Essential Elements for The Video Server Facility

Part 1

Scaling a broadcast, newsroom or production facility toward a complete video server environment involves numerous networking components beyond the video server's encoder/decoder, its storage and associated application software. As video material management moves from videotape and more toward a tapeless production environment, the architectures of these systems begin to take on the same dimensions as baseband video-only systems-but without the numerous dedicated VTRs, video switchers and physical videotape libraries we've grown accustomed to over the previous two decades of digital video implementation.

Fundamentally, the essential building blocks of the compressed digital/tapeless environment appear similar: There is a means to transfer field material into the edit environment, then editing is done on that material, and finally the finished products are sent for playout or distribution. But that is where the similarity from a component standpoint ends. Since the inception of nonlinear editing (NLE) in the early 1980s, which has signaled the eventual departure from the serial processes of videotape production, the workflow and time necessary to complete a production element has decreased dramatically. In turn, the cost to produce those production elements has decreased as well. These two components, time and cost, continue to fuel the development of the products and the deployment of the nonlinear, entirely server-based facility.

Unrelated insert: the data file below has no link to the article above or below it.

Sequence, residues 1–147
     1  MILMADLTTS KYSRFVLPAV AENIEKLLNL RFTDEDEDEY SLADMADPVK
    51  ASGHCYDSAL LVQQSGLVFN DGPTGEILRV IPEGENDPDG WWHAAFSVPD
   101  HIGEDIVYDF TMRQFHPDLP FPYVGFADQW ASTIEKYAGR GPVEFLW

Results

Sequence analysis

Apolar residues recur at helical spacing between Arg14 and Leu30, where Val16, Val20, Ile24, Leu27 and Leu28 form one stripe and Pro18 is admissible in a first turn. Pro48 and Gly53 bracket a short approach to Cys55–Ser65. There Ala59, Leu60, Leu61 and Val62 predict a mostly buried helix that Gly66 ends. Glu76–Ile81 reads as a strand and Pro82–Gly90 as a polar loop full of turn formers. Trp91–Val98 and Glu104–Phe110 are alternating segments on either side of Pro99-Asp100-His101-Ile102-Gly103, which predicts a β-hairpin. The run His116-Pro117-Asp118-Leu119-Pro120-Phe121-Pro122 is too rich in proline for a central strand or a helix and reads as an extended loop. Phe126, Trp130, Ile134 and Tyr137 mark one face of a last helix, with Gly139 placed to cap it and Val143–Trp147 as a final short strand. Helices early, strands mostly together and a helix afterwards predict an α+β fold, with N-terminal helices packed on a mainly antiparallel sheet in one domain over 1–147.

In this installment we will look at the building block components used to build a complete facility including ingest, server playout, production/editorial, archive and off-site asset protection for disaster recovery purposes. The example shown in Fig. 1 is not an artificial concept. Indeed this architecture is typical of systems being deployed by all the major video server manufacturers, albeit some take different approaches to the networking concepts, and their video I/O structure may differ depending upon the server engine's internal architecture.

As expressed in my previous column, protection of the asset and redundancy in systems are the major keys to a continued successful operation. In the accompanying diagram, nearly every portion of the system has at least one alternative path for both the data transfers, the system management and the operational processes. Furthermore, all stored data can be shared between all the elements of the workflow processes from ingest and playout, through editorial and network interconnection for remote purposes. What differs between the various manufacturers' implementations are the software applications and the degree (and methods) of data transfer between various operational work areas. For those instances, I encourage you to contact specific manufacturers for their individual representations of features and functionality, as each facility most likely will require its own special configurations and components, depending upon its operational model.